Billionaire Becomes Climate Change Radical

Monday, 18 Feb 2013 12:58 PM

By Sandy Fitzgerald

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Billionaire Thomas Steyer, who is in the running to replace Steven Chu as energy secretary, believes the political victories he and others have won for climate control legislation falls short of what will be needed to avert catastrophic global warming.

Steyer, who made his billions building ae successful hedge fund, is a major Democratic donor who has been using his money and political connections to help prevent what he believes is a looming climate control crisis, reports The Washington Post.

He bankrolled two successful ballot initiatives in California, including one that steers $500 million toward energy-efficiency projects for each of the next five years. He also has funded major research centers at Yale and Stanford, and has spoken to President Barack Obama personally about environmental matters.

Steyer and his immediate family have also donated more than $1.1 million to Democratic candidates since 1990, according to the Center for Responsive Politics.

But while Steyer has mostly stayed behind the scenes when it comes to climate control, on Sunday he took a prominent role, speaking to a crowd of 35,000 Sunday gathered to call for a stronger national climate policy and protest the proposed Keystone XL Pipeline.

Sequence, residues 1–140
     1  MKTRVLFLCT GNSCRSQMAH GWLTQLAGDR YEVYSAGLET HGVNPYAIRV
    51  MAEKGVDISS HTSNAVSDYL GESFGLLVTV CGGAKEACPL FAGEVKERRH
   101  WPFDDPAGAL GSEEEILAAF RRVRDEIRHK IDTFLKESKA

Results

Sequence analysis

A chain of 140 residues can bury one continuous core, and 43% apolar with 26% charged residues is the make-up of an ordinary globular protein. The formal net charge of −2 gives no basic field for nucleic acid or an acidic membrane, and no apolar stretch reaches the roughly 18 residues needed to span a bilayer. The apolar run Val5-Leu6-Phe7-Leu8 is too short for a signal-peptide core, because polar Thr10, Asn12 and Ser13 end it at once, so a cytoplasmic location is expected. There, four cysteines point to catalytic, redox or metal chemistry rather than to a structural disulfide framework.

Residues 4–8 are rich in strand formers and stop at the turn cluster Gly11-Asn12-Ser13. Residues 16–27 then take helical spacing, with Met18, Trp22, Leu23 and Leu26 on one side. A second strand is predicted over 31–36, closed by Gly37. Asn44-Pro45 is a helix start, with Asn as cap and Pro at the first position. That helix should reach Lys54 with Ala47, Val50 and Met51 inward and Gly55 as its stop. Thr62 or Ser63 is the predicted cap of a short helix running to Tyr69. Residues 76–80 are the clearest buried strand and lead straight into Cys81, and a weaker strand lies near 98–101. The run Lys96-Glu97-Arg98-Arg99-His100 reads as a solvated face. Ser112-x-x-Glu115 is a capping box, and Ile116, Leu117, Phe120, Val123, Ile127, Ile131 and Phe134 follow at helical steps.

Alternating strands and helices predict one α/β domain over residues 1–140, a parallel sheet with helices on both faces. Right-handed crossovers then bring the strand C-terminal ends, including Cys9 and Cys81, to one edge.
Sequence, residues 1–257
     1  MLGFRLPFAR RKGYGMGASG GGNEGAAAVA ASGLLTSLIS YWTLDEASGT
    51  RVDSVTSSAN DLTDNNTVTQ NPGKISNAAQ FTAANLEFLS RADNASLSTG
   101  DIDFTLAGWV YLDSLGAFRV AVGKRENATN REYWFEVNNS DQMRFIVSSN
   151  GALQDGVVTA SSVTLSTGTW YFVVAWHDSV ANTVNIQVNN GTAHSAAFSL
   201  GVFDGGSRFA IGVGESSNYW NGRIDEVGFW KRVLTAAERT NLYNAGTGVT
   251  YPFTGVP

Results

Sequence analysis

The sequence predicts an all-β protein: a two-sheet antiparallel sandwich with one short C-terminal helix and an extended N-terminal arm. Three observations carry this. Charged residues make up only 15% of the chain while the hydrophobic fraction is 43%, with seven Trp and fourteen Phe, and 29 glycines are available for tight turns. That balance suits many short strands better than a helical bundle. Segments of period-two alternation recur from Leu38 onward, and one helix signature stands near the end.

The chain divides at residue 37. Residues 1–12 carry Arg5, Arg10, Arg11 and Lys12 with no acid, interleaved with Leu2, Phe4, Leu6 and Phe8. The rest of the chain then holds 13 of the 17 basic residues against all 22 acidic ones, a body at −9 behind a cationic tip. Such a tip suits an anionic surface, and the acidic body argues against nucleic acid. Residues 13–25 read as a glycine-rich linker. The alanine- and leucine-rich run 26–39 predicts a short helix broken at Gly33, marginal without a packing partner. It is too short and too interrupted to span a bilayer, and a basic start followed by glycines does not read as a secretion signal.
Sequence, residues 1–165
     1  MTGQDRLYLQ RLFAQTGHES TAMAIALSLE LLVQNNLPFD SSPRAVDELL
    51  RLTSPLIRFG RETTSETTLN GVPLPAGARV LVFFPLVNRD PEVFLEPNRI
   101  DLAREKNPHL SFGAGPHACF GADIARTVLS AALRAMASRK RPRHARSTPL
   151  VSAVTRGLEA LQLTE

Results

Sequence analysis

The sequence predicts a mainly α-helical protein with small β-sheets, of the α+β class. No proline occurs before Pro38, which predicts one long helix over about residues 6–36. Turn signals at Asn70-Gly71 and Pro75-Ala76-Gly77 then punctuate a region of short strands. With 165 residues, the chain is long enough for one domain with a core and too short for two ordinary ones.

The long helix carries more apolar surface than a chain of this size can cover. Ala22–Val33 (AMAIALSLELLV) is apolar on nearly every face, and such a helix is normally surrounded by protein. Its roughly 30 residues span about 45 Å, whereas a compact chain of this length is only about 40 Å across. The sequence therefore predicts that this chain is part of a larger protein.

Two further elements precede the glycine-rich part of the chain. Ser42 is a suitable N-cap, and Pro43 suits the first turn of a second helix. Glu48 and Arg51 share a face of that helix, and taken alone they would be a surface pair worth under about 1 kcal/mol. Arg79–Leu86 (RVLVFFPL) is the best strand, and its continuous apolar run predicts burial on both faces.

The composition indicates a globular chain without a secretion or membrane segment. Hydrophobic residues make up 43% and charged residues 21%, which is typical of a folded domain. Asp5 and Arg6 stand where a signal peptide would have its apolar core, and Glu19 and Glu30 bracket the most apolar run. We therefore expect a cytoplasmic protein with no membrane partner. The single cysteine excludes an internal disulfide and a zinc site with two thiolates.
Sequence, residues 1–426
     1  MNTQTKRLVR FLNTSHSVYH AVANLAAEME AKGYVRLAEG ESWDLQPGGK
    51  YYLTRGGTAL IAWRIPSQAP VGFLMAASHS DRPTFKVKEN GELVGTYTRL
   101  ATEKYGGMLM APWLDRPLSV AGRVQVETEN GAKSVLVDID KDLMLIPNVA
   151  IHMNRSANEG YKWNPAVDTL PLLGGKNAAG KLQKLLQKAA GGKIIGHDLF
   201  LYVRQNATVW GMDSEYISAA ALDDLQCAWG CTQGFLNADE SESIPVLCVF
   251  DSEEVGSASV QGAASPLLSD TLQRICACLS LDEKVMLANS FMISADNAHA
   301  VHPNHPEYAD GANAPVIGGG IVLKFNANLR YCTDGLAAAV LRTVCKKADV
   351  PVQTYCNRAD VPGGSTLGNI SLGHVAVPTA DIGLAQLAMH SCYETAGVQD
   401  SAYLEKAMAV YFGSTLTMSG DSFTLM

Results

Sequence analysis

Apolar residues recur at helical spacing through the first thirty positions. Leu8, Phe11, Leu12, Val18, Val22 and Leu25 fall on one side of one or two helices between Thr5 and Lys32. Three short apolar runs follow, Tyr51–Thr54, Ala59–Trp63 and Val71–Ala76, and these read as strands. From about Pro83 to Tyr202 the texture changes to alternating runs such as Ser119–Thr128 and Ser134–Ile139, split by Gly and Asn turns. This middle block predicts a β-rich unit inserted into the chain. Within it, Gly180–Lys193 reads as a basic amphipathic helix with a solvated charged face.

“I’m not the first person you’d expect to be here today. I’m not a college professor and I don’t run an environmental organization,” he said. “For the last 30 years I’ve been a professional investor and I’ve been looking at billion-dollar investments for decades and I’m here to tell you one thing: The Keystone pipeline is not a good investment.”

Steyer stepped down from the $20 billion Farallon Capital Management at the end of last year, and now runs the Center for the Next Generation, a nonprofit organization he and his brother opened, meaning he's likely to take a more active role in fighting for environmental change.

He may have competition when it comes to the energy secretary position, even though his backers say his combination of business sense and activism would lead him to fill the job well.

MIT professor Ernest Moniz, the department's undersecretary during the Clinton administration, in also the running for energy secretary, and many Washington insiders consider Moniz as a favorite.

Steyer, however, is preparing to launch a report showing how inaction on climate control will affect the United States, but he knows there is a battle ahead when it comes to convincing people of the potential dangers facing the world.

“When you talk about global warming, you’ve lost 90 percent of the public unless you make it real to them,” he said.

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